Nicolas on Harmonizing Music Theory and Music Law @UWSchoolofLaw
Peter Nicolas, University of Washington School of Law, has published Harmonizing Music Theory and Music Law. Here is the abstract.
Attorneys, judges, and jurors litigating and adjudicating music copyright disputes find themselves at the intersection of two complex fields, U.S. copyright law and music theory. While most generalist judges—and the attorneys representing clients in such cases—have at least some experience with the former, very few have formal training or informal experience with the latter. As a result, legal opinions purporting to incorporate musical concepts sometimes fail to do so accurately, resulting in decisions that are inconsistent with copyright law and policy.
This Article is the first in a planned series of interdisciplinary articles designed to harmonize U.S. copyright law with relevant theoretical materials from the field of music. It begins with an accessible primer on basic principles of music theory, with a special focus on the concepts of melody and rhythm. It then summarizes music copyright jurisprudence, and identifies ways in which the latter correctly and incorrectly incorporates principles of music theory.
This Article demonstrates that U.S. music copyright jurisprudence is plagued with a fundamental misunderstanding of the basic musical concepts of melody and rhythm as those terms are understood within the field of music. In general, legal precedents equate melody with pitch sequence and rhythm with meter and time signature, and give primacy in their analysis to melody—as they define it—to the exclusion of rhythm. Yet as this article demonstrates, not only do music theorists define melody as consisting of pitch and rhythm combined, but their findings also demonstrate that rhythmic design plays a greater role in creating distinct melodies than pitch standing alone. The result is a jurisprudence that is both over- and under-inclusive in finding instances of copyright protection and infringement. Using both historical and contemporary musical examples, this Article concludes that courts should re-define and re-weight these two musical concepts in order to arrive at just results in music copyright disputes that are consistent with the balancing of policies that form the foundation of U.S. copyright law.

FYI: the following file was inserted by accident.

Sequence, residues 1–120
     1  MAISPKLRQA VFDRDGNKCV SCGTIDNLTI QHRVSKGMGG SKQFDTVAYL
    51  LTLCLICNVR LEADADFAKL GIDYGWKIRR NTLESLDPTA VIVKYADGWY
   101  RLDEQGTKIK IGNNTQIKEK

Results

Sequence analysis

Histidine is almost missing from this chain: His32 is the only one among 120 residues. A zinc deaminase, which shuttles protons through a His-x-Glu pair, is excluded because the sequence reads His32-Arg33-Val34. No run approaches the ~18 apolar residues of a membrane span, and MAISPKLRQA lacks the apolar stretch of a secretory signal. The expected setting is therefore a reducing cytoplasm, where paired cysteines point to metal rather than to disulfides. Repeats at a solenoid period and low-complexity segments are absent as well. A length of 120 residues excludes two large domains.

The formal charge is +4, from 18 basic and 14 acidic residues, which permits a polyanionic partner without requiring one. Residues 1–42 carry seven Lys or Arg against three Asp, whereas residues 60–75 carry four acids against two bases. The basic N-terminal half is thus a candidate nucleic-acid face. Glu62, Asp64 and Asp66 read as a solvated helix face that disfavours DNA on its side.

Download the article from SSRN at the link.